Beef Cow Biosecurity Overview
There is a real risk of disease in your beef cow herd. As a beef producer you are very aware of many of the common diseases that could potentially affect your animals. You have probably also noticed that diseases which exist in some groups of animals on your farm do not exist in other groups. For instance, newborn calves may have E. coli diarrhea, while older calves on the cow, "weaned calves, cows, and stocker/backgrounder animals do not become clinically ill due to E. coli.
Implementation of sound biosecurity procedures will reduce the chance of a disease being brought to the animals on your farm and will also reduce the chance of the spread of a disease among the different groups of animals within the farm.
A disease may be present on a neighbor's farm or on another farm in your county or in another state, and biosecurity is the only way to prevent the disease from entering your farm.
The diseases you intend to keep out of your farm can be spread in many different ways. These methods of disease transmission include:
- Fecal to oral transmission.
- Fomite transmission, by inanimate objects (such as footwear, gloves and tires) capable of carrying a pathogen (disease agent) from one animal to another.
- Vector transmission, in which a living thing (such as a mosquito) carries a pathogen.
- Nose-to-nose transmission, directly between animals.
- Airborne transmission.
There is no way to tell if a pathogen is being carried by a visitor, animal or vehicle, so biosecurity rules must apply to all of them, all the time. For instance, a new animal coming to your farm may be carrying a disease without showing clinical signs. If this animal is introduced into your herd without an initial quarantine period, the disease may infect your herd.
It is important to know that animals showing signs of disease are usually only the "tip of the iceberg," as a much larger number of animals are probably infected even though they have not developed signs as yet. This is called the subclinical disease state.
Because biosecurity is an essential part of maintaining your herd's health as well as the profitability of your operation, an overall biosecurity plan for your farm is essential. Even if you practice some biosecurity measures now, this plan is needed to make your farm as safe from disease as possible.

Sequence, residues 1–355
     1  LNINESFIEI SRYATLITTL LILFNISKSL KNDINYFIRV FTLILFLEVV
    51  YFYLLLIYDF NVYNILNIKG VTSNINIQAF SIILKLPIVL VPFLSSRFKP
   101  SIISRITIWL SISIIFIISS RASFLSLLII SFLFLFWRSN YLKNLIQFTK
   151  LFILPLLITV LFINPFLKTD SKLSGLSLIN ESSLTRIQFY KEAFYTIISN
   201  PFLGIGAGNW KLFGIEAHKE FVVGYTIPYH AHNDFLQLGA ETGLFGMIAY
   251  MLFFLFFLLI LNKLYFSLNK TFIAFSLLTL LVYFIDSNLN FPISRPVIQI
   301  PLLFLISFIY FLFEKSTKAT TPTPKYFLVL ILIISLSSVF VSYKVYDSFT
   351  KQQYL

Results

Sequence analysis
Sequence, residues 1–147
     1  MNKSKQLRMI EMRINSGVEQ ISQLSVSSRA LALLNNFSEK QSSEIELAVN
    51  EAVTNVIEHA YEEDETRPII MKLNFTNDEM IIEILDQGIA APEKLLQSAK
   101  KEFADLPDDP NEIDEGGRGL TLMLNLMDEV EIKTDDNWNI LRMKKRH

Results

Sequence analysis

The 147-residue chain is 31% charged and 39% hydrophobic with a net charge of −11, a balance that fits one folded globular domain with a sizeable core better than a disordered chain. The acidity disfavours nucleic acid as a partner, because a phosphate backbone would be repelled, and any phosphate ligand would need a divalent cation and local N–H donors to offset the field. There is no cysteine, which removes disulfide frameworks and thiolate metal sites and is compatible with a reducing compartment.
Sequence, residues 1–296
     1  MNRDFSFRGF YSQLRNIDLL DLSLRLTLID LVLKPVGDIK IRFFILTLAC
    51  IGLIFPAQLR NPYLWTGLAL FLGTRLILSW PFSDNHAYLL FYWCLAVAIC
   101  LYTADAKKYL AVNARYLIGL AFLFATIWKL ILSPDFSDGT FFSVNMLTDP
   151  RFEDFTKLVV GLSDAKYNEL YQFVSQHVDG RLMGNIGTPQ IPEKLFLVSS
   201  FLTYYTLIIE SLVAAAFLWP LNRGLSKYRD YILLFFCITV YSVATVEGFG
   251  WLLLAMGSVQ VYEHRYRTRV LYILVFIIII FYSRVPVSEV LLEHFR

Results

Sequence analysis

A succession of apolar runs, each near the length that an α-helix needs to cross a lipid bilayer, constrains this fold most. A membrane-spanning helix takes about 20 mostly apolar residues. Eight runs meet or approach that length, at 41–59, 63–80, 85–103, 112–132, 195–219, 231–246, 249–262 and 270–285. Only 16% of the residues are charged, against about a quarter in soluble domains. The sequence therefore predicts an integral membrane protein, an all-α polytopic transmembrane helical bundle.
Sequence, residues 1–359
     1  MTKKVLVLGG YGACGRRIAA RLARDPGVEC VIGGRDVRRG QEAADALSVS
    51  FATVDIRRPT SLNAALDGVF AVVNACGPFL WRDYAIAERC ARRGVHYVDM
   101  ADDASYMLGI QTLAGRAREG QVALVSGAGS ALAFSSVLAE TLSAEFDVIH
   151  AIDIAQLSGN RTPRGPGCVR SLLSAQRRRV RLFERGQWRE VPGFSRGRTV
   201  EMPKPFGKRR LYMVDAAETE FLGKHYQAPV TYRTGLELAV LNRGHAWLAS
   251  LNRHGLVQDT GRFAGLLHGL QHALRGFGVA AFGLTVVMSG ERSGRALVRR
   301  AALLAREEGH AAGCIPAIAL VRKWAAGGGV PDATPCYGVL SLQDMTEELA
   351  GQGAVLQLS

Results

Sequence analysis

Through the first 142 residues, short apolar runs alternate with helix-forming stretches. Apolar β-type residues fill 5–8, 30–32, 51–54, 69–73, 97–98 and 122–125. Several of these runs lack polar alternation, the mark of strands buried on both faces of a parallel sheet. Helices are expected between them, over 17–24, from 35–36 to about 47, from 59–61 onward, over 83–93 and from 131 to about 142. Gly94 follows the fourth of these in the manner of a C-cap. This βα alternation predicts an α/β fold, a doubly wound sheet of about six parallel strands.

This biosecurity plan will allow you to determine the measures needed to set up a comprehensive biosecurity program to protect your herd in the best way possible. Development of this plan involves all partners and employees, and it must be written down. Each year, the plan should be reviewed and updated to keep it current. For the plan to be effective, everyone must be able to understand it, use it, and enforce it. The plan should apply to everyone, every day.
To design your plan, first consider the ways that common diseases are spread. Include a standard health protocol which documents procedures necessary for maintaining animal health and husbandry, as well as specific methods to identify, separate and treat sick animals.
Below is a list of biosecurity measures that are categorized under general topics. These are best management practices, and this list can be used to develop your own biosecurity plan.
Beef Biosecurity Content SourceChoueke, Esmond. 2015. Agroterrorism Prevention Reference Guide (FBI). Boca Publications Group Inc. email@example.com
Beef Cow Biosecurity Resources
Biosecurity Basics for Beef
This beef biosecurity document emphasizes farm security measures, and includes a best practices checklist, from Beef Checkoff.
List of Bovine Diseases
A comprehensive list of bovine (cattle) diseases, with technical facts and images, from the Center for Food Security and Public Health.
Beef Cattle Production
Extensive selection of topics on raising beef cattle, including nutrition, reproduction and herd health, from the University of Nebraska-Lincoln.
Secure Beef Supply Plan
Continuity planning for producers if a foot and mouth disease outbreak occurs in the U.S. Download a biosecurity plan template on this site.
Production for Small Farms
Includes health information and “Cow Talk,” a helpful cattle industry glossary of terms, from Oregon State University Extension.
4-H Livestock Events
Purdue Extension tips for 4-H exhibitors. Minimize risks with biosecurity before, during and after a 4-H show to keep livestock healthy.